“She never steps out, but I told her to come and have some fun.” That is how Bharti Doshi persuaded her sister Pramila Kinya to join her and the other members of the family at dinner on Thursday night at a restaurant called 1Above on the rooftop of a building in the Kamala Mills complex in the central Mumbai neighbourhood of Lower Parel. Hours later, a bruised Doshi was standing in the smoke-filled compound, praying for the safety of her sister and two nephews. A fire had broken out during their meal, trapping three members of Doshi’s family.
The blaze spread within seconds, Doshi said, and the partitions between the tables started collapsing, causing chaos. “I could only see those large flames and hear people screaming,” recalled Doshi, who is on a visit to the city from the US, where she lives. “My husband and I ran towards the staircase.”
In their dash for safety, Doshi and her husband slipped and were trampled by others trying to escape. “Someone gave a hand to my husband who helped me up,” Bharti Doshi said.
Doshi’s nephews Dhariya Lalani, 28, and Vishwa Lalani, 23, were also visiting from the US. Dhariya Lalani had recently quit his engineering job in the US and was considering moving back to India.
On Friday morning, Pramila Kinya and the Lalani brothers were brought to KEM Hospital dead. At least 11 other people were also killed in the blaze, and more than a dozen injured.
Viral Chedda, a cousin of the Lalanis, said the firefighters told the family the brothers were trying to rescue their aunt and others. “They died helping others,” Chedda said.
Added Doshi: “They were the only children in the whole family. Three mothers lost their children today.”
The Mumbai Fire Brigade has confirmed that 1Above did not have a fire exit. Some patrons took the staircase while many even used the elevator to escape, even though this was dangerous.
“Owing to the rush on the staircase, some people tried to lock themselves in the toilets,” said Mayur Mehta, whose sister Khushbu was among the dead. Khushbu
and her husband Jayesh Bansali, along with some relatives and friends, were at 1Above to celebrate her 29th birthday. “She died on her birthday,” said Mehta, standing near his sister’s funeral pyre at Chandanwadi crematorium.
While Bansali managed to escape along with most of the couple’s guests, Khushbu and her friends Kinjal Shah and Neha Waghela ran into the men’s toilet and locked themselves in. But, feeling suffocated, Neha Waghela decided to brave the flames and run downstairs. “She tried to convince Kinjal and Khushbu but they were scared to step out,” said Mehta. “They seemed confident they would be rescued.”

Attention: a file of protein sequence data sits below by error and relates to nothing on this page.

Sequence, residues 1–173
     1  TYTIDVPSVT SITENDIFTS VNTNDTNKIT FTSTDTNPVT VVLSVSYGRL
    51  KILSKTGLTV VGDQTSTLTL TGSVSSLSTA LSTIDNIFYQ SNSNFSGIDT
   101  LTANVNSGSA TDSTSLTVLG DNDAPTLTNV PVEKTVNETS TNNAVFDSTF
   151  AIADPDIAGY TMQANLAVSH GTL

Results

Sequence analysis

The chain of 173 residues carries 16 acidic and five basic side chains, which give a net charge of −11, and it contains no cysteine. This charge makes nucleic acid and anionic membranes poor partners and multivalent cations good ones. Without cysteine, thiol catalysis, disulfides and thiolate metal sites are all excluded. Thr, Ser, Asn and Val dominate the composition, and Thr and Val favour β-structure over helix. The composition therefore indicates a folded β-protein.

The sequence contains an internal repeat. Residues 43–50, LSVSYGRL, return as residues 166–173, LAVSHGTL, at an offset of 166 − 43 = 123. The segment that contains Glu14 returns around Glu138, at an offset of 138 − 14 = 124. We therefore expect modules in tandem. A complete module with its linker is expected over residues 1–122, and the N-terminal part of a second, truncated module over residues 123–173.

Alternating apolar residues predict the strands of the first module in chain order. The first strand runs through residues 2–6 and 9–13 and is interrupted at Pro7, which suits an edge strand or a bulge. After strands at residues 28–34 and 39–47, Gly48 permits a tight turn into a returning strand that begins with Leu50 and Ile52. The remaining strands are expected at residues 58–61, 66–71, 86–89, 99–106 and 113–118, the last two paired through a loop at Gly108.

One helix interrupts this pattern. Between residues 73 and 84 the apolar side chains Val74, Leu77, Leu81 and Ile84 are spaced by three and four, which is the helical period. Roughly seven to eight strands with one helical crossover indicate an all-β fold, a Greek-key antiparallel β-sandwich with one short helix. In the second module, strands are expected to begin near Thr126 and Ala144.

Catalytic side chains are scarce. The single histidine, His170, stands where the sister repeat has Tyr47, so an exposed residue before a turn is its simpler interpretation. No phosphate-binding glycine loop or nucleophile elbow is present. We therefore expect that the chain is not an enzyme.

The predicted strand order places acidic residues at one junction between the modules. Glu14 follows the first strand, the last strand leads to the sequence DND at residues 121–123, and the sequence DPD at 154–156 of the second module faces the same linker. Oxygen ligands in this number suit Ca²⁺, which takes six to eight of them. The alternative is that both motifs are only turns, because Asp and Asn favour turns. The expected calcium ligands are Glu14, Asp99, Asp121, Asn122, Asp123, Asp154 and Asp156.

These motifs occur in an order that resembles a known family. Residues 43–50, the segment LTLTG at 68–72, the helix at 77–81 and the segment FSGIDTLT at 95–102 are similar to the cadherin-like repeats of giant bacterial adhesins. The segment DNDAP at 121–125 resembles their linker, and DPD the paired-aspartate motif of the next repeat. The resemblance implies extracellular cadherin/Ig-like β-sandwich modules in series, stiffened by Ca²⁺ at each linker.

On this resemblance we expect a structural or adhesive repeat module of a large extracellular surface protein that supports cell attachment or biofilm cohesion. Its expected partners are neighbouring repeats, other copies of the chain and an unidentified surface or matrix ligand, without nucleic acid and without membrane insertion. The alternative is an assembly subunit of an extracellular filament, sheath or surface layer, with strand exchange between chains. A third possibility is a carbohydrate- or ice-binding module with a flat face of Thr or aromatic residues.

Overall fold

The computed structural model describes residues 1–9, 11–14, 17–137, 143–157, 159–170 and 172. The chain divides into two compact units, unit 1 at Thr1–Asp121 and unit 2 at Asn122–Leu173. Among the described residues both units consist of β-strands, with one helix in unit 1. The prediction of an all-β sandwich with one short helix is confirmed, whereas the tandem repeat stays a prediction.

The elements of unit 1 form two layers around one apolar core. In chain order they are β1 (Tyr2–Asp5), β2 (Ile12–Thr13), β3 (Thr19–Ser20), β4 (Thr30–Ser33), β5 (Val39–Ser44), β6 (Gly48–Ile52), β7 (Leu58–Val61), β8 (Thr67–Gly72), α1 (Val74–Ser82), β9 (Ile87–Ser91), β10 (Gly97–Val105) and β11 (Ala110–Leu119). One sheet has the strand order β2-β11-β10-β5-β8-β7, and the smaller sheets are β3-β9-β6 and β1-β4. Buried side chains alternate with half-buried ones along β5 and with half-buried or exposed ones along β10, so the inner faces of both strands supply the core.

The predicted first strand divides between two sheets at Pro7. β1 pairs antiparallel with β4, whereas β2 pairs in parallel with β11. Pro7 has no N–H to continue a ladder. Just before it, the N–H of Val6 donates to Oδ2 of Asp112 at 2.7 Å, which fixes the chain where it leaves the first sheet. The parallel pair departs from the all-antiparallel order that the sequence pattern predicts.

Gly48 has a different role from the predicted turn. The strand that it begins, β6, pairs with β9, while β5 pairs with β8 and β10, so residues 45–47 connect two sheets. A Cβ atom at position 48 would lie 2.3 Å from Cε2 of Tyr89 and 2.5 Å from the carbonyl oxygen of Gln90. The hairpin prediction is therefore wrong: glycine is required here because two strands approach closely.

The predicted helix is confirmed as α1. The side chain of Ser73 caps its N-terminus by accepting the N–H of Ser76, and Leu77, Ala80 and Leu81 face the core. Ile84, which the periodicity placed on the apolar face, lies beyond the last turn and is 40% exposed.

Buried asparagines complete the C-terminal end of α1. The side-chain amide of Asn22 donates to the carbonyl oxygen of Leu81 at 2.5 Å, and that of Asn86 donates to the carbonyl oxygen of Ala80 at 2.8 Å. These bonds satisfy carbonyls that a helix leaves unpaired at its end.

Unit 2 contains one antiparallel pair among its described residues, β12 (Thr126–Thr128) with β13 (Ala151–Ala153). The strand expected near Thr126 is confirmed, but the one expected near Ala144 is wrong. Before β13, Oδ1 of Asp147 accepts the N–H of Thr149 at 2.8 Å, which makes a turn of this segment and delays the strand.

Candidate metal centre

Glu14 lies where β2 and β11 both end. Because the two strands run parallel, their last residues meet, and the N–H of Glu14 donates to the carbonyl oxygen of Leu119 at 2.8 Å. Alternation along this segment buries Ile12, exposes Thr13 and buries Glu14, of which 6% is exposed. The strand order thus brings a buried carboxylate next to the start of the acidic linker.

The Bansalis, who had been married for three years, had recently told friends that they hoped to start a family soon.
Also locked up in the A1 washroom were Parul Lakdawala and her sisters, Shefali Doshi and Manisha Shah. They had been dining at 1Above with their families. “Their children had come from the US and they all decided to spend some time together,” said a relative who declined to give his name.
The men and children of the group escaped quickly but the sisters headed towards the bathroom, where they succumbed together.
KV Hivrale, the deputy fire officer, said that the bodies of all 14 people who died in the fire had been found in the toilets. “It looks like the fire advanced quickly and these individuals did not get the chance to reach the staircase,” he said.
Hivrale is unsure if the eatery had all the requisite fire-fighting equipment. Although eyewitnesses have claimed the coal used in the hookah served in the restaurant sparked the fire, Hivrale said his team was still investigating this.
Trapped in toilets
At KEM Hospital, doctors said 13 of the 14 victims had been brought in dead. Only Shefali Doshi, 45, had a “very weak pulse”. “She was incubated immediately,” said a doctor in the Casualty Department. But her bloodstream was full of carbon monoxide and it caused her death.
Dr Rajesh Dere, professor of forensic medicine at KEM Hospital, said all the victims died of asphyxiation. “It appears all were locked in an enclosed place with no ventilation,” he said. “Combustion as a result of the fire led to the emission of carbon monoxide, which has an affinity towards haemoglobin in the blood. Continuously breathing carbon monoxide led to the creation of a poisonous gas in the body, which can lead to a painful death.”
At least some of the victims could have survived, Dere said, if they had received oxygen quickly. But Mehta claimed that his sister was taken to the hospital in a police van, not an ambulance, so treatment was delayed. However, deputy fire officer Hivrale insisted that all 55 people who were taken to various hospitals in the city were ferried in ambulances.
Most of the injured had only minor abrasions. KEM Hospital received 12 of the injured and they are all stable. “They all had superficial burns,” said Dr A Supe, the hospital’s dean.
The Kamala Mills tragedy has again brought into focus Mumbai’s inefficient implementation of safety standards. On December, 12 workers, most poor labourers from Uttar Pradesh, died of suffocation when their small manufacturing unit in the western suburb of Andheri caught fire.
On Friday, the Brihanmumbai Municipal Corporation acted belatedly to suspend five of its officials for “failing to perform their duties” to inspect restaurants like 1Above and ensure that they were adhering to fire safety regulations.
The municipal commissioner, Ajoy Mehta, launched an enquiry into the incident, but only after Chief Minister Devendra Fadnavis asked him to.
Assistant Commissioner Prashant Sakpale said 1Above and some other restaurants in the area had been served notices in August and September for “illegally using open spaces for restaurant purpose”.